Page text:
Video: Victims of Hollywood’s Blacklist
19 November 2012 — Hollywood Reporter
Former cast and crew of Hollywood talk about being labeled as a communist and being blacklisted from the entertainment business. THR interviews six actors and writers who were targeted during the communist witch hunt period of the 1950s.
The Nov. 30 issue of the The Hollywood Reporter addresses the magazine’s role in the communist witch hunt, which was launched in 1946 by THR‘s legendary owner, editor and publisher Billy Wilkerson, who would name the alleged Reds in his “Tradeviews” column. His son, W.R. Wilkerson III, has written a formal apology for what he calls “Hollywood‘s Holocaust.”
THR profiled six people whose showbiz careers were derailed by the Blacklist — screenwriter Walter Bernstein; screenwriter Norma Barzman; actor Cliff Carpenter; actress Lee Grant; actress Marsha Hunt; and actress Jean Rouverol — as well as the man who is credited with helping to break it, actor/producer Kirk Douglas.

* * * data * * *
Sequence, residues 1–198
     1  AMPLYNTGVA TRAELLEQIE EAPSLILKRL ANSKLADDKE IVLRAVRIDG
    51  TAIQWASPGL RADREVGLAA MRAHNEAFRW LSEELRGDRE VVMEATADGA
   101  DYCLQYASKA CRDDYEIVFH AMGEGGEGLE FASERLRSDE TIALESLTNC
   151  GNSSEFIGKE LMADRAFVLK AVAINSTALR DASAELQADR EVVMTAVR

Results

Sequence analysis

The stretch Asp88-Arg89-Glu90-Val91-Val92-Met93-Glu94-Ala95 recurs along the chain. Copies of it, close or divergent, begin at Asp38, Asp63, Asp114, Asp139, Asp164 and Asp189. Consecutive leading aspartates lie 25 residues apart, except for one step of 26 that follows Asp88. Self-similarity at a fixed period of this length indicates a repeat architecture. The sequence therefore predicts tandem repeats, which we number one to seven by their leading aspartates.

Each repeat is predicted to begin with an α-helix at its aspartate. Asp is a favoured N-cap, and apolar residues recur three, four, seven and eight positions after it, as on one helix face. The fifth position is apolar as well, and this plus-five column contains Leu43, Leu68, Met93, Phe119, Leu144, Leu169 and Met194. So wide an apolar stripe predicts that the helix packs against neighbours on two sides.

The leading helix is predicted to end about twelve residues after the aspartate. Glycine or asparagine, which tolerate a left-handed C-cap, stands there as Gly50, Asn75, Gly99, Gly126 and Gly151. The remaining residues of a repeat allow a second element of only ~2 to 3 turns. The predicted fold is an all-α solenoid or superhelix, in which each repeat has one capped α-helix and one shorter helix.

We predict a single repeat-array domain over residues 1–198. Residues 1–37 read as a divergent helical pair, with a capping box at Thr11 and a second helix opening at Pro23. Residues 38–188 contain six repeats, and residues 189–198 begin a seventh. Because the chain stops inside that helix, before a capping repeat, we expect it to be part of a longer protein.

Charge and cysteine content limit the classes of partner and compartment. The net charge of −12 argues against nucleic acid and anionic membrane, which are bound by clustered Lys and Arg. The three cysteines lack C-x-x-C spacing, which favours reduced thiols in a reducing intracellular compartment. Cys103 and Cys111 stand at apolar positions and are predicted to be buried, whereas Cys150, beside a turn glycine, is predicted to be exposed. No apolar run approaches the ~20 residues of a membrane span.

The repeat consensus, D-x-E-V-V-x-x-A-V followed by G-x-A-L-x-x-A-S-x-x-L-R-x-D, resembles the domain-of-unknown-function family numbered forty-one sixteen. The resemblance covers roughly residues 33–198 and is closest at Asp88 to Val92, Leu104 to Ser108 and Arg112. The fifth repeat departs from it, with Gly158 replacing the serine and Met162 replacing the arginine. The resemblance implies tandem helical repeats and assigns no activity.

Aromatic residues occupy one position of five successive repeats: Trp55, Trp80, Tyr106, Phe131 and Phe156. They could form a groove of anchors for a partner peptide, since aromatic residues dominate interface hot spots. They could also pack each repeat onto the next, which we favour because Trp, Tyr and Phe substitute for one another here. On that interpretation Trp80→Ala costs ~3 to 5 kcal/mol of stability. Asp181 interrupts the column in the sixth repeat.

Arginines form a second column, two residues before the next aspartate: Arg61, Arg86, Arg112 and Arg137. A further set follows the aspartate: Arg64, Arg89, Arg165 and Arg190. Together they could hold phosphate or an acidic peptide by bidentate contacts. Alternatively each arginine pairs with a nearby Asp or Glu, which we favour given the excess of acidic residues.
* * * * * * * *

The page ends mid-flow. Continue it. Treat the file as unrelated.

“Our industry was under attack. … And there was a panic in the industry that people would stop going to movies,” said Hunt, a sought-after star branded a communist after joining the Committee for the First Amendment, which was composed of Hollywood A-listers looking to defend their colleagues’ constitutional rights.
Most of the people who were blacklisted were never able to regain the sort of career that they had enjoyed before things took a turn for the worse, but some did, including Grant, who went on to win the best supporting actress Oscar for Shampoo (1975) and the best documentary feature Oscar for Down and Out in America (1986).
“You have to understand how motivated I was,” she told THR. “I had 12 years to make up for, and nothing was going to stop me.”